Danish design is more popular than ever before! Both at home and abroad, Danish design is dominating the markets for furniture, accessories, fashion and lamps. But what is the secret behind this success? Are the old classics from the Golden Age of the 50s to thank, or should we be worshipping the modern brands that have reimagined Danish design with a touch of innovation and modernisation? Let’s journey back in time and have a closer look at the history of Danish design.
After the Second World War, we finally had the space to pick up design, development and manufacturing. The war’s iron grip on the world began to loosen and new concepts awakened as creativity came out of hiding. Hans Wegner
, Arne Jacobsen
and Poul Henningsen
are some of the biggest names to come out of that era of Danish design – and all their designs continue to reign supreme to this day. Back then, the idea was to produce solid furniture that was accessible to the general population and that wouldn’t ever go out of style. Classics like the Ant, the Y-Chair, and the Egg were popular then, but the designers back then probably hadn’t imagined that they would retain their popularity this long.
Poul Henningsen designed his first popular PH lamp back in 1926, but it wasn’t until the PH5 lamp was released, in 1958, that the PH lamp became a must-have for people all over the country. The lamp became hugely successful thanks to the revolutionary shape of its shades, as they created an amazing light. Danish design became synonymous with modernism and functionality, which was incredibly popular in the post-war era, where people were trying to figure out how to enjoy simplicity again. Nowadays the PH lamps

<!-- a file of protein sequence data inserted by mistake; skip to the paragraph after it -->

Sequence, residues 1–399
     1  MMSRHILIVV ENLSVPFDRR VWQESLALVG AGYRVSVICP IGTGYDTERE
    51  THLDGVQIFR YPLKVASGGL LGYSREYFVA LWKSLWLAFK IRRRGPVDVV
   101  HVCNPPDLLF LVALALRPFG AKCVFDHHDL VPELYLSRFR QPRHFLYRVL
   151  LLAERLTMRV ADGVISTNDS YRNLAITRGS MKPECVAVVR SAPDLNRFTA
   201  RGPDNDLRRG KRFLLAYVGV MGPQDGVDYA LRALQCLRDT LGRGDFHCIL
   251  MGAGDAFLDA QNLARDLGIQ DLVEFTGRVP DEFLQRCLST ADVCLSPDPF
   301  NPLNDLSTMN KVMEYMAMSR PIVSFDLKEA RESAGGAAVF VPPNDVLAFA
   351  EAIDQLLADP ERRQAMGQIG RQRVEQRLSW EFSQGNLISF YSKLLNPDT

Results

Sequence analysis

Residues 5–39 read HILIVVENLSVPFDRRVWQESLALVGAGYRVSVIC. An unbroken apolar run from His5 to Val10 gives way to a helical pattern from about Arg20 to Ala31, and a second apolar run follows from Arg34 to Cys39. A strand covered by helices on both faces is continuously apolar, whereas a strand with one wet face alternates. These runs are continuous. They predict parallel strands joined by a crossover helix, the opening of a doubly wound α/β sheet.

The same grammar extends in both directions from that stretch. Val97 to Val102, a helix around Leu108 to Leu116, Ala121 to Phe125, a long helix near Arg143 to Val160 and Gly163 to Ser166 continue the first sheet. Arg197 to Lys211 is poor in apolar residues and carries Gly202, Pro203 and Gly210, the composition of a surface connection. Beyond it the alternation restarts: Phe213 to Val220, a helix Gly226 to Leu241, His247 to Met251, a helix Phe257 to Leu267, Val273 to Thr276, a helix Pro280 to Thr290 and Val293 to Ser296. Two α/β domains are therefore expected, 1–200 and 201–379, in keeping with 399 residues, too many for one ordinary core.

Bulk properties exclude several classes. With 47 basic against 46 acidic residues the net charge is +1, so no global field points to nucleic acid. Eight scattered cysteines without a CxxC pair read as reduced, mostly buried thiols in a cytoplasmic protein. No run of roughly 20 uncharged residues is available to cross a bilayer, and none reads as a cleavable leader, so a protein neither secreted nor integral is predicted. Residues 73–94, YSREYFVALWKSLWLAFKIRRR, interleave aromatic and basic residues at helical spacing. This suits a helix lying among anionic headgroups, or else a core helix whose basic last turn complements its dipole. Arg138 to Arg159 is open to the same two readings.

are incredibly popular and can be found in homes all over the country.
Likewise, the handmade wooden figures made by Kaj Bojesen are found in homes across Denmark and they have even started breaking through to the international market. Kaj Bojesen designed the Monkey as a hook for children’s rooms and nowadays the collection offers a range of animals and other figures.
Blue and white don’t necessarily scream ‘Denmark’ as a whole, but for one particular brand, they do! Royal Copenhagen is insanely popular, thanks to its lovely design and high quality. This royal porcelain is sold en masse in shops all over the world.
But back to the lamps! There have been plenty of amazing designers throughout Danish design history who have added at least one phenomenal lamp to their CVs. Read more about them here.